Tuesday, May 15, 2012

Happy International Kangaroo Care Awareness Day!

Happy International Kangaroo Care Awareness Day!!

For those of you confused right now, I have finally made it to the blog to talk about my work.  Most of you know that I'm a Neonatal ICU nurse.  I have done this since nursing school graduation, almost 7 years ago.  I love this field.  It's challenging, heart wrenching, sad at times and joyous at others, and incredibly rewarding.  Even more challenging is that the facility where I work is a referral and surgical center too so we see the sickest of the sick and the smallest that you can imagine up and everything else that comes before that too.

In working at my facility and learning neonatal medicine I have grown and expanded and I have a committee that I run (and have now run for three years) to help address issues in one area of neonatal care.  I chair my facilities Kangaroo Care Committee and have also become a Certified Kangaroo Care Provider from the World Health Organization's International Network of Kangaroo Care Providers.

Kangaroo Care is a wonderful practice where a parent holds their infant in direct skin-to-skin contact on their chest.  The infant wears a diaper and a hat (hat as necessary) and then both are covered in some manner. (A blanket, a wrap, etc)

From everything I've learned about kangaroo care I could speak non-stop for hours about it.  It is so wonderful that you can call it a medical treatment that the parents can provide.  Kangaroo Care promotes bonding, better thermoregulation in infants (better temperature control), improved brain growth, improved brain development, improved overall growth, increased parent-infant bonding, increased parent confidence, better pain control for both infant and mother (no information available for pain control in fathers), improved breast milk production, improved breast milk content (a richer better quality milk), improved amount of infant sleep, decreased incidence of depression and more benefits being discovered daily.  Just to name a few of the simpler ones.

I'm really keeping this very basic.  I'm not going into the history of kangaroo care, or the over 400 studies available for it.  I'm not going into the high-tech ICU environment versus lower tech and third-work country practices.  I could tell you about how the skin makes antibodies and helps the infant receive them.  I could tell you why the skin of the chest is so receptive for this care.  I could break it down further into how a mother's body works differently from a father's body works differently from another family member's body, etc. Where I work we keep kangaroo care exclusively for mom's and dad's.  There's just too much going on to allow it to spread to all, it's the one thing we can offer a parent that can first help them to feel that they are truly being a parent and that the experience is not taken away from them.  But in tragic or extenuating circumstances, the benefits are known to apply to all who practice in kangaroo care.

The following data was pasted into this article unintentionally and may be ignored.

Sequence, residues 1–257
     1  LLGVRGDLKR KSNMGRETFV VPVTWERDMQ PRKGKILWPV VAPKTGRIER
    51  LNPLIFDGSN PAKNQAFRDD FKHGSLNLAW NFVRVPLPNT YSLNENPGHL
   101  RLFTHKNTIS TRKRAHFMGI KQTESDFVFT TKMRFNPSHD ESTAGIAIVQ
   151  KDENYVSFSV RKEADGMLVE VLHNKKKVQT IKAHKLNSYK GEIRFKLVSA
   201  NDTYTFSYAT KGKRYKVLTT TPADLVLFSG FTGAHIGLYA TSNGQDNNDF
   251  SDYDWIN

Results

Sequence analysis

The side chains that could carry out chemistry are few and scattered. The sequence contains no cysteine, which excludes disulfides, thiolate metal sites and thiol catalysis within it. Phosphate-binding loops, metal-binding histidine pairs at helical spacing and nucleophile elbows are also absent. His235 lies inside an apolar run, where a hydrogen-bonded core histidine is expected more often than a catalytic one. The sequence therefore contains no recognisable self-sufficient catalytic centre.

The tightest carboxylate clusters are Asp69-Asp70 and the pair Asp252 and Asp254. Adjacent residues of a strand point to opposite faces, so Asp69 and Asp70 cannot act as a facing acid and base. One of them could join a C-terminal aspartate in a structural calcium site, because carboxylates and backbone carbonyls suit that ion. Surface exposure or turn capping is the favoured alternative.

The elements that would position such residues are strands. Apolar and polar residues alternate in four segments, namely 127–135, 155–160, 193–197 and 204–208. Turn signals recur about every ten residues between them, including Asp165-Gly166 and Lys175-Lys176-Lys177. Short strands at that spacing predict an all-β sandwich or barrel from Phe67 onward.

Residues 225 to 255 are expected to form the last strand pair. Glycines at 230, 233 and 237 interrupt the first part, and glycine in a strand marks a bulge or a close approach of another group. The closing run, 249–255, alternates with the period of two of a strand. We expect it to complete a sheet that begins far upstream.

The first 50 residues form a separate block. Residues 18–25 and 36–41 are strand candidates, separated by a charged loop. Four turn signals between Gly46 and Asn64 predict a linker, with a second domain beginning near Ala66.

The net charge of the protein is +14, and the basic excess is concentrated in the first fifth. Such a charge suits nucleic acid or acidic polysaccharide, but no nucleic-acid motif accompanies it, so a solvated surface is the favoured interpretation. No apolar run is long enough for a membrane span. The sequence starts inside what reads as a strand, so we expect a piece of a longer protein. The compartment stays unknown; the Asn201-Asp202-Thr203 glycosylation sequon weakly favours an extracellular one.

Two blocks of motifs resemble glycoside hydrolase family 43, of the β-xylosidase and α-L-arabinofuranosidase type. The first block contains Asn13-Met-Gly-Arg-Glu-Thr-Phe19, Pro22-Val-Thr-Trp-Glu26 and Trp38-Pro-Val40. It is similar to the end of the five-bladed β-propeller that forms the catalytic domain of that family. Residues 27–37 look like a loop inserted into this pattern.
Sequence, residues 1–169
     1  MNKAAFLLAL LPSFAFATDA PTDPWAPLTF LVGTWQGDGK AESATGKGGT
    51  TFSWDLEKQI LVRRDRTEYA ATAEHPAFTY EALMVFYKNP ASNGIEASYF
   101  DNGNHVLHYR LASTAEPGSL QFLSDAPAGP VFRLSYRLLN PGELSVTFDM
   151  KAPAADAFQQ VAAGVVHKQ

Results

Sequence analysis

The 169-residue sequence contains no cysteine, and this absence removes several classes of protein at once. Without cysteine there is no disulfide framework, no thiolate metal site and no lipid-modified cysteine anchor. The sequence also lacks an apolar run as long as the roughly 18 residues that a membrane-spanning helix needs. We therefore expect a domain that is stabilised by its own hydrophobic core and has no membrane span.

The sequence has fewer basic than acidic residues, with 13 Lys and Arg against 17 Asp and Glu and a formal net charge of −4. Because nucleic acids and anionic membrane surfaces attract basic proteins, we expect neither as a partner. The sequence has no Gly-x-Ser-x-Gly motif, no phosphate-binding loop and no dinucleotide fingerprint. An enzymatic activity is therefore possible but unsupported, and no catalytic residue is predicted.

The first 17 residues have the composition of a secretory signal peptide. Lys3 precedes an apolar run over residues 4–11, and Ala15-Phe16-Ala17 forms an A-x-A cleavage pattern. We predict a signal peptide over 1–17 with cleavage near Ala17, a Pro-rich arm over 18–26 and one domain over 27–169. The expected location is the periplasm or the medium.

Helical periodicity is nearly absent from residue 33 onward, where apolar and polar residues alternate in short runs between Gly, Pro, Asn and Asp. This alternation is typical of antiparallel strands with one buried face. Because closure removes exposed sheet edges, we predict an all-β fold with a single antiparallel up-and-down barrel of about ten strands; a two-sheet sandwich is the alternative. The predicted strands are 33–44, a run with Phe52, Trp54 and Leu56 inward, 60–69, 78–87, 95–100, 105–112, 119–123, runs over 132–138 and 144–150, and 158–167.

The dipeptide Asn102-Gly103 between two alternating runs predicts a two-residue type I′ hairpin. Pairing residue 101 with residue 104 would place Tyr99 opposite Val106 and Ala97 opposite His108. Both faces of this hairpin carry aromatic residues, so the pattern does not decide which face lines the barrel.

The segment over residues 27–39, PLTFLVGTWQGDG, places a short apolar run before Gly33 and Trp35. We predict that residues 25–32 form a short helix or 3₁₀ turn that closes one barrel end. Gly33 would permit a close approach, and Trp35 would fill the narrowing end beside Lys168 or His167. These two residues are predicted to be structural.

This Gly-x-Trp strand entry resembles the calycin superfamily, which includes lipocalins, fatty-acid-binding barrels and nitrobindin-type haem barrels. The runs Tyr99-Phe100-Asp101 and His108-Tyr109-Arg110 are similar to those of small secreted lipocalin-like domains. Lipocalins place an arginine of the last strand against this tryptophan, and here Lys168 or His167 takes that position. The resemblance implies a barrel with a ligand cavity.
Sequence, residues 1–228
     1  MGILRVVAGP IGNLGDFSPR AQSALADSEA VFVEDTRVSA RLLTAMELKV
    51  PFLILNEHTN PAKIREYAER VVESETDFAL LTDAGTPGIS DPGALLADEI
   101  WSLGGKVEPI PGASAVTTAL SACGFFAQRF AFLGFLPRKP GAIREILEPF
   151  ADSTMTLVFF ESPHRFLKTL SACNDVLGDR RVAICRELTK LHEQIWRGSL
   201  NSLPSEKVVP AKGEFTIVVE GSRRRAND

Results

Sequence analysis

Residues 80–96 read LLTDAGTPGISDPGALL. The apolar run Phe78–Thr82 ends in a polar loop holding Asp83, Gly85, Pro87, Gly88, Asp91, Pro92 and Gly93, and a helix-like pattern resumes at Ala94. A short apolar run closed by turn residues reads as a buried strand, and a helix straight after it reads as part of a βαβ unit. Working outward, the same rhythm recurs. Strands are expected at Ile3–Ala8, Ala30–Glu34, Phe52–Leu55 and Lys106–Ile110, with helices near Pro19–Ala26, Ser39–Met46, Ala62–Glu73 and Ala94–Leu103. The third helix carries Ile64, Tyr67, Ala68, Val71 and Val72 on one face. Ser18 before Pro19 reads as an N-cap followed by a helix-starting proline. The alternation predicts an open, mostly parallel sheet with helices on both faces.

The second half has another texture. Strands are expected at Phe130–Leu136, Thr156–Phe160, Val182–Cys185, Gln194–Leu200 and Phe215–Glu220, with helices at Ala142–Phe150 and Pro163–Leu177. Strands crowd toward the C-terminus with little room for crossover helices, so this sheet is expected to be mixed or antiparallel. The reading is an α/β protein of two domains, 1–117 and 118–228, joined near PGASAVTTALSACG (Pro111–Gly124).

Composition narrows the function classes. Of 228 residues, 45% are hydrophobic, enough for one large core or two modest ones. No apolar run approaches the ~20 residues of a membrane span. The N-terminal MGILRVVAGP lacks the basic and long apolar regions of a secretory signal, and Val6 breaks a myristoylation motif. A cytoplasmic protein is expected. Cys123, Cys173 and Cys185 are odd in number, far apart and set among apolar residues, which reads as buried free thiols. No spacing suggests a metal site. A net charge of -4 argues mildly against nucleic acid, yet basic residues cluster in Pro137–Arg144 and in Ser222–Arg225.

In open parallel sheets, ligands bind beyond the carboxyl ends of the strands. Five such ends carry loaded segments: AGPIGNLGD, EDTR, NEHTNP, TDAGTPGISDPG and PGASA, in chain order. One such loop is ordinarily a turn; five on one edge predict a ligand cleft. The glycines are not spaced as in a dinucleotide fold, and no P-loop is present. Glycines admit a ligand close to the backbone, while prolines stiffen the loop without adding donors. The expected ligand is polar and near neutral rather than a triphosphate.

Kangaroo Care is practiced differently depending on age and stability of the infant.  Healthy infants out of the hospital, using a wrap and walking around is fine.  Preterm infants that are stable, depends on age and ability to feed.  Sick infants of any age do best when the Kangaroo Care provider is laying back (we use zero gravity loungers for our parents) as it allows for the infant's heart and lungs to function at their best.  All methods of performing Kangaroo Care involve direct skin-to-skin contact.

More importantly Kangaroo Care is important for ALL infants.  So much so, that when I became a certified provider I was pregnant and completely changed my plan for how I was going to care for Ann.  See:
Please forgive the picture.  It's a really bad one but I was trying to put it on record that we did Kangaroo Care at home.  But I would have never purchased the wrap and I would not have thought to provide it at home had I not learned so much about it.

There is so much out there about Kangaroo Care:
A picture of a preemie in Kangaroo Care here in the United States:
Article from my local paper about a mom in our area

Some reputable Kangaroo Care sites:
United States Institute for Kangaroo Care

Kangaroo Care information from the March of Dimes

A booklet from the World Health Organization:
Kangaroo Mother Care: A Practical Guide

So spread the word, share with others how powerful simple holding skin to skin can be for infants of any age and parents.  It's amazing what can be done by the human body!


Melissa said...

A baby kangaroo is called a joey.

A joey is born at 31 -36 gestational days and then spends the next 8 -12 months being held and fed in the mom's pouch.

A kangaroo can have three joey's at once - on developing, one growing in the pouch, and one newly emerged from the pouch.

A joey emerges from the pouch for brief periods of time until it feels safe enough to stay out full time, somewhere between 8 -12 months of age.

A kangaroo's body will produce a more caloric mild for her joey in the pouch.

Studies show us that a parent's body will do many of the same things when providing Kangaroo Care for their own infant - provide warmth and a place to sleep for better brain growth, increase bonding making both parent and infant feel safe and secure, and improve caloric content of mom's milk. More benefits are being discovered all the time.

Kangaroo Care is important for your infant for at least 6 months and the benefits last a lifetime!

Team 10 said...


I'm a NICU nurse and lactation consultant. I also lead a NICU kangaroo care team! I'd be curious to hear about your group and how you became WHO certified in KC.